“1917” was just nominated for Best Original Screenplay at the Writers Guild Awards. Could an Oscar nomination be next? Even though the film’s Golden Globe wins for Best Film Drama and Best Director (Sam Mendes) over the weekend were a boon, its recognition from the lower-profile WGA is actually a lot more crucial to its Oscar hopes.
It used to be that an Oscar nomination for Best Director was the most crucial to winning Best Picture, but that’s not really the case anymore. There are now between 5 and 10 nominees for Best Picture, and winners in that category are decided by a ranked preferential ballot. But Best Director still has only five nominees and is decided by a plurality vote. Also, the motion picture academy has been expanding its membership to include more ethnically and geographically diverse film professions, which has given us Best Director lineups the lean towards art-house contenders like last year’s winner Alfonso Cuaron (“Roma”) and surprise nominee Pawel Pawlikowski (“Cold War”).
So we’ve seen more splits between the two categories than ever before, and there were even two Best Picture winners in the last decade that weren’t even nominated for Best Director: “Argo” (2012) and “Green Book” (2018). That used to be unthinkable. However, while Best Director and Best Picture continue to drift apart, the writing categories have proven a lot more consequential.
In close races in recent years, writing nominations were a key difference. 2013’s battle was between the historical resonance of “12 Years a Slave” and the technical wizardry of “Gravity.” “Gravity” had the most nominations (10) and it ended up with the most wins (7), including Best Director (Cuaron), but it wasn’t nominated for writing; meanwhile, “12 Years” won Best Adapted Screenplay, and it ended up winning Best Picture too.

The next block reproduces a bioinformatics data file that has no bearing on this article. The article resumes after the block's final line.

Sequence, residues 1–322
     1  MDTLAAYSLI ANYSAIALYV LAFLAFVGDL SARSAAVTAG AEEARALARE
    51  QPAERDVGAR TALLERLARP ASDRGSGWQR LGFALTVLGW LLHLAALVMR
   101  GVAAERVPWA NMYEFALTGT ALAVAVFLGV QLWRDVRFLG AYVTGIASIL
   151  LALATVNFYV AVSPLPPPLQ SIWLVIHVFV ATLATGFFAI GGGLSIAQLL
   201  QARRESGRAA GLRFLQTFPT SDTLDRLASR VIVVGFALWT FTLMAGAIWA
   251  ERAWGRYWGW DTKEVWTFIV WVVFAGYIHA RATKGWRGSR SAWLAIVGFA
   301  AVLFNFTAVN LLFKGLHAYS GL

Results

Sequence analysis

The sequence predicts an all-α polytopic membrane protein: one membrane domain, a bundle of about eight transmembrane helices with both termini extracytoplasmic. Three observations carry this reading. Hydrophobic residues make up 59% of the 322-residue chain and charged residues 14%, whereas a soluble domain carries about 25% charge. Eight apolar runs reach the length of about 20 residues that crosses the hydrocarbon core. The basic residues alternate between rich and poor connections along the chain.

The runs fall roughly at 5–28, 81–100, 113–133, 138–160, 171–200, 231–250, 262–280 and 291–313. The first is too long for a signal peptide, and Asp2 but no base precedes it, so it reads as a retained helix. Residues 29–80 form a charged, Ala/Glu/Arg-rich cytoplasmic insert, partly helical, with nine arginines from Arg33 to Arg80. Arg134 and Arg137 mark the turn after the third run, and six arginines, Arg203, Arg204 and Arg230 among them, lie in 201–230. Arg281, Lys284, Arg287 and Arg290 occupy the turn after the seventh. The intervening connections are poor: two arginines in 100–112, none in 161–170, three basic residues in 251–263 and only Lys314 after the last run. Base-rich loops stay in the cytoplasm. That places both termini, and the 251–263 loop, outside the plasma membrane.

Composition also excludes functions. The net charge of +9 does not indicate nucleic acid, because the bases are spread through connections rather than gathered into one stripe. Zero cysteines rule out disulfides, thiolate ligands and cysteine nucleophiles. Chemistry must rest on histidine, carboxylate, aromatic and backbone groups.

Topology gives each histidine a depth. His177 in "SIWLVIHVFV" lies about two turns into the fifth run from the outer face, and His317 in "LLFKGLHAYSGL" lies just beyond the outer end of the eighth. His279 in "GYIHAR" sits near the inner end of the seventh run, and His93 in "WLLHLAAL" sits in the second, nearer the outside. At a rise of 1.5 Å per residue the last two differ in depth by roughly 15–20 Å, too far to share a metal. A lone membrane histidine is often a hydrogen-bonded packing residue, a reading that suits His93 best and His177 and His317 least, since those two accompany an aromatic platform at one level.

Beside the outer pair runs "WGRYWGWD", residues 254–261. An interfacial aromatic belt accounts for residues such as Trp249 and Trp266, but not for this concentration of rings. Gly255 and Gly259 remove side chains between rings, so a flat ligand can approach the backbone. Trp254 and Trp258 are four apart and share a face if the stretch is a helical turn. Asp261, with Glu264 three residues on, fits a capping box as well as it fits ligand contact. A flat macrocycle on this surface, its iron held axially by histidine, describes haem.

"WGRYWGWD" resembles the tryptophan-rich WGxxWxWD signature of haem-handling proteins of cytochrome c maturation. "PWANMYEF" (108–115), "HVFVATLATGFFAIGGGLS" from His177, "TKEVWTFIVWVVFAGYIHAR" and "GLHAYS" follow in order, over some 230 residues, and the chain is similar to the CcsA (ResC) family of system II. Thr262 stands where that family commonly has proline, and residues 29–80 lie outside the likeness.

The 2016 race seemed pretty wide open, but “The Revenant” and “Mad Max: Fury Road” had the most nominations (12 and 10, respectively). Neither of them were nominated for their scripts, though. So even though “Mad Max” won the most awards (6) and “Revenant” won Best Director (Alejandro Gonzalez Inarritu), it was Best Original Screenplay champ “Spotlight” that took Best Picture.
No film since “Titanic” (1997) has won Best Picture at the Oscars without a writing nomination. Before that, it had been since “The Sound of Music” (1965). So if you want to win Best Picture, you’d better have a writing bid.
The problem for “1917” is that it’s a fairly straightforward story about two soldiers racing against time, light on dialogue, and it’s so driven by its visual style and one-shot conceit that its script by Mendes and co-writer Krysty Wilson-Cairns doesn’t get as much attention. In fact, even though it ranks among our top five Best Picture contenders in our odds as of this writing, it trails in seventh place for Best Original Screenplay. But if it’s the real deal for Best Picture, it’ll probably be nominated for writing.
However, the WGA nominations don’t necessarily mean the film will get a corresponding Oscar nomination. That’s because the guild has strict rules, and a couple of films that are very strong contenders at the Oscars weren’t eligible there, like Quentin Tarantino‘s “Once Upon a Time in Hollywood” and Pedro Almodovar‘s “Pain and Glory” — both Tarantino and Almodovar are past Oscar winners for writing, so if they both make the cut at the Oscars, someone on the WGA list will miss out. It’s just a matter of who.
Also in the running at the WGA Awards are “Marriage Story,” “Parasite” and “Knives Out,” all of which are among our top five predicted nominees at the Oscars. Rounding out the race is “Booksmart,” the acclaimed indie comedy that ranks ninth in our current Oscar odds for writing. So “1917” might be on the bubble. Which way it goes could tell us which way it’ll go in the Best Picture race.
Be sure to make your Oscar nominee predictions today so that Hollywood insiders can see how their films and performers are faring in our odds. You can keep changing your predictions as often as you like until just before nominees are announced on January 13. And join in the fun debate over the 2020 Academy Awards taking place right now with Hollywood insiders in our film forums. Read more Gold Derby entertainment news.